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How Should We Read NAEP Test Score Results in Washington D.C.?

(8) Comments | Posted November 13, 2013 | 1:48 PM

When Michelle Rhee began her reign of erroneous terror on D.C. schools, I limited my comments to the national implications of her policies. As Arne Duncan said, the District had "more money than god," but it was an even bigger mess than the schools that I knew.

In lieu...

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Will President Obama Stop Supporting Corporate Reformers?

(4) Comments | Posted October 30, 2013 | 5:19 PM

President Barack Obama visited Brooklyn's P-TECH High School and praised their results, as well as New York City's and his administration's school "reforms." As the president placed a smiley-face flag on the tip of the iceberg, he seemed to be unaware of the brutality of the market-driven system...

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The Best of Teaching and the Worst of School "Reform"

(2) Comments | Posted September 18, 2013 | 9:14 AM

Rafe Esquith's Real Talk for Real Teachers and James Owens' Confessions of a Bad Teacher both become more powerful when read next to each other. Esquith, the superstar author of Teach Like Your Hair's On Fire starts with lessons for new teachers, then he offers advice...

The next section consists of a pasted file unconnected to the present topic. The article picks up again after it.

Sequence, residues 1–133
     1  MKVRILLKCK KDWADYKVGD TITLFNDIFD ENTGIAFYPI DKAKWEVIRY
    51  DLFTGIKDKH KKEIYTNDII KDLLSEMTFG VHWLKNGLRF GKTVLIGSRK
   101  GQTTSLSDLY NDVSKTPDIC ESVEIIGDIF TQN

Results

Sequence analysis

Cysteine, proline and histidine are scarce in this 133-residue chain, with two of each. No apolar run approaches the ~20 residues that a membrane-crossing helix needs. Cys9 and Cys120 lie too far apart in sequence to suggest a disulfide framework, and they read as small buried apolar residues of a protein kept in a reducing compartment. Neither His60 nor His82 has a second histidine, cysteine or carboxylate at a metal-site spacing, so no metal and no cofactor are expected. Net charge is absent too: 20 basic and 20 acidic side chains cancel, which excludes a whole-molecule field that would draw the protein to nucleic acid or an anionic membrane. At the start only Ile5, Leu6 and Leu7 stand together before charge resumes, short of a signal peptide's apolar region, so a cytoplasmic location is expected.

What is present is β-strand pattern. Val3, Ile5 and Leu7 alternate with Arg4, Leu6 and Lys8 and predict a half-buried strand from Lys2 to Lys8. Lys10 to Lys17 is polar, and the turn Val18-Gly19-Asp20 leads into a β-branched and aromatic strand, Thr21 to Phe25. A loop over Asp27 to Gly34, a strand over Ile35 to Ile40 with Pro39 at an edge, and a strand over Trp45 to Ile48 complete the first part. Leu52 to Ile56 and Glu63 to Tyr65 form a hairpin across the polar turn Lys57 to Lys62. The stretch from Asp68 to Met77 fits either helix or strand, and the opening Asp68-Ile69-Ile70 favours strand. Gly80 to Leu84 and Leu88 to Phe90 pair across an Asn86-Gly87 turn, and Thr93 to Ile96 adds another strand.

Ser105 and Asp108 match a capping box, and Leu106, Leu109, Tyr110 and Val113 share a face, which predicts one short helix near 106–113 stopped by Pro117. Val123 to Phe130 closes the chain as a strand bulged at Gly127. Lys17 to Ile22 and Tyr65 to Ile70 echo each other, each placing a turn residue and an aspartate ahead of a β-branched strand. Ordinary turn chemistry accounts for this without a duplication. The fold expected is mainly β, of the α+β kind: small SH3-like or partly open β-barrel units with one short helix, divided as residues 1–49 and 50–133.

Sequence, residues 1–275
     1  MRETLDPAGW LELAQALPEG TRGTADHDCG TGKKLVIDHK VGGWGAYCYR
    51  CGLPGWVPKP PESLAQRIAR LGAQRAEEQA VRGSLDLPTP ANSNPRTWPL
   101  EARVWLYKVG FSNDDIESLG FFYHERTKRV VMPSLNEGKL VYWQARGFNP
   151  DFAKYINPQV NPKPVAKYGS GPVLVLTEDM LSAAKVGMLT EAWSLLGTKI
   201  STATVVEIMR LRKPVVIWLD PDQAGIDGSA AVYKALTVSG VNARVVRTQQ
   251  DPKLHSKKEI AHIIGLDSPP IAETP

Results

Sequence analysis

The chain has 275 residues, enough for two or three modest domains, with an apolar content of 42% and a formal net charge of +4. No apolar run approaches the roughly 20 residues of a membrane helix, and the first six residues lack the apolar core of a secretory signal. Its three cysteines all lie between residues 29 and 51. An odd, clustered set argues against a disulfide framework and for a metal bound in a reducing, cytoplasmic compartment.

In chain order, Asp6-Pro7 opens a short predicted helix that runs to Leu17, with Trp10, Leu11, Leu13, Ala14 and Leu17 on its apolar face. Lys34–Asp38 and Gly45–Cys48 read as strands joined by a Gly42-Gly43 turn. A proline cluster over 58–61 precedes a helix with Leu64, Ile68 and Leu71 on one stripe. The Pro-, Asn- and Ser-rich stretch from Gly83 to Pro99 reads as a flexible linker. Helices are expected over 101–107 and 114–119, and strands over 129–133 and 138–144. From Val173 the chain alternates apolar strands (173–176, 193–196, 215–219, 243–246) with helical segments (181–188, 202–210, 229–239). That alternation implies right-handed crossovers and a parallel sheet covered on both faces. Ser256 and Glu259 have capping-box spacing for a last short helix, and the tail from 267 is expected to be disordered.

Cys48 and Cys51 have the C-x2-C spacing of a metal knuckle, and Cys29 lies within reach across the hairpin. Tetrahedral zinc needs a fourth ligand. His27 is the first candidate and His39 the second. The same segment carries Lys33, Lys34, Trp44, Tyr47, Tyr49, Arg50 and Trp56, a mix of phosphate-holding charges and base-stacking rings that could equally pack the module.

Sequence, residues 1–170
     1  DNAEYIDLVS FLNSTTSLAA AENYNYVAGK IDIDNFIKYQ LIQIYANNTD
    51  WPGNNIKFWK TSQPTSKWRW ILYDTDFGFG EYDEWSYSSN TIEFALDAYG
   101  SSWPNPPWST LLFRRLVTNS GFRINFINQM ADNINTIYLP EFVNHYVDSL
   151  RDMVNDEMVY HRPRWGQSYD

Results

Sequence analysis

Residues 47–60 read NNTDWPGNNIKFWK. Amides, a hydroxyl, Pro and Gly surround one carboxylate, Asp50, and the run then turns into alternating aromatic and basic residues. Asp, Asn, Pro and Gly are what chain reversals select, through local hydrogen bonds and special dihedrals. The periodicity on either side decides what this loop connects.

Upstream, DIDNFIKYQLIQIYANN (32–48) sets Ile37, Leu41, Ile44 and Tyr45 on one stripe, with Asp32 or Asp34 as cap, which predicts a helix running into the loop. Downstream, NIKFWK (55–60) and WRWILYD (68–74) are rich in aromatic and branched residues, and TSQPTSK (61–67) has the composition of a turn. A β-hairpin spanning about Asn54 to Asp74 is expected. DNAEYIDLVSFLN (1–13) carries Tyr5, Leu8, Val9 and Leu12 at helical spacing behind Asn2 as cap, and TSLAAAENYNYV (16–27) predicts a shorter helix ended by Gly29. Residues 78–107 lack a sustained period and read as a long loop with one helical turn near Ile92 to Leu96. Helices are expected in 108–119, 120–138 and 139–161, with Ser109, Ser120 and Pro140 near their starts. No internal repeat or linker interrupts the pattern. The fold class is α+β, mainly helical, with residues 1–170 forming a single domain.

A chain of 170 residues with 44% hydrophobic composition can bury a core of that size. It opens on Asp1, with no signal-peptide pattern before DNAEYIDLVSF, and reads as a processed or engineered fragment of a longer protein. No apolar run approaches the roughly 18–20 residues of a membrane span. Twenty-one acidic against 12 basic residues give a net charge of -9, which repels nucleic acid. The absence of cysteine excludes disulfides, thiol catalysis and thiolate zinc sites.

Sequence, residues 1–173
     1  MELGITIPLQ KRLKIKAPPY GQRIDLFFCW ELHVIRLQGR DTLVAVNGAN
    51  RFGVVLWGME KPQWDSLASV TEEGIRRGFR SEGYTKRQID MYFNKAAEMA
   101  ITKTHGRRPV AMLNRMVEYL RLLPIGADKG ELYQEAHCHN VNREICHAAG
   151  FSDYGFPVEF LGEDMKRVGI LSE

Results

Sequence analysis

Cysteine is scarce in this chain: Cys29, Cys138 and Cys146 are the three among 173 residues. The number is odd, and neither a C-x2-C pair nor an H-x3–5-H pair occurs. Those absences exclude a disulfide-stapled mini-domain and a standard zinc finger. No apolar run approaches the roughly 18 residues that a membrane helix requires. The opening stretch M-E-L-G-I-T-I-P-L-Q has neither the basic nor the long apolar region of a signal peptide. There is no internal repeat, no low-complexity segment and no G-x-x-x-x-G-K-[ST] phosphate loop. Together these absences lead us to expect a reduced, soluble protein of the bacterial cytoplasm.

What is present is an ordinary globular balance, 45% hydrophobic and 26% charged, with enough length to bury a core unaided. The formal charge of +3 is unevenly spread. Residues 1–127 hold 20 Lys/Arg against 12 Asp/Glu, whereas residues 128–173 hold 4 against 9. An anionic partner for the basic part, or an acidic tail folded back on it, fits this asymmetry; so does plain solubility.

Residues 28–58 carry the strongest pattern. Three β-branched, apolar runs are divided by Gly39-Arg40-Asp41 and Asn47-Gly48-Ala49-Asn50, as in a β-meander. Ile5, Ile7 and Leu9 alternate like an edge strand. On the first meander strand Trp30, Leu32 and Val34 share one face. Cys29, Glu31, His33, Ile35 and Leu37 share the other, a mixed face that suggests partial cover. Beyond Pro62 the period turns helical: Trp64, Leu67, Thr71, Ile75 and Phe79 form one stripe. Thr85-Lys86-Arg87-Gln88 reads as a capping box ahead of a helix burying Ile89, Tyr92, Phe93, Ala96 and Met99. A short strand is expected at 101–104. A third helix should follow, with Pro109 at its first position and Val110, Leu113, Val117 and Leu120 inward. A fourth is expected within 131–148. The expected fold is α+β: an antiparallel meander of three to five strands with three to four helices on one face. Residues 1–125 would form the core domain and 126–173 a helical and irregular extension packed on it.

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Can the Education Trust and Teachers Work Together?

(1) Comments | Posted September 11, 2013 | 10:49 AM

When drafting a response to Joy Resmovits' "Dream Deferred," which drew on the work of the Education Trust, I reread publications issued by that pro-reform organization. The Ed Trust has long pushed test-driven policies that I see as destructive; in my experience, their rushed "reforms" have inflicted the...

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Alison Stewart's History of D.C.'s Dunbar High School and Its Future

(1) Comments | Posted September 5, 2013 | 4:31 PM

Alison Stewart's First Class is the history of the rise and fall of Washington D.C.'s elite Dunbar High School. It tells a story that cannot be ignored if we really believe that school improvement can be the civil rights movement of the 21st century.

Stewart tells the...

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How Should We Teach the 50th Anniversary of the March on Washington?

(3) Comments | Posted August 27, 2013 | 5:05 PM

I miss teaching. This week, my inner-city high school students would be finishing a unit on the 1963 March on Washington. We would have been doing it under the cover of some creative writing, however, as I would phrase my lesson plans so it would not appear as if I...

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Will Common Core Force Charters to Go Back to Their Roots?

(4) Comments | Posted August 21, 2013 | 3:44 PM

When New York City replaced its old-fashioned bubble-in high stakes tests with Common Core assessments, the predictable result was a 50% drop in test scores. The decreases were sharper in high-poverty schools. The collapse in test scores was most dramatic in previously high-performing charters that took the test prep short...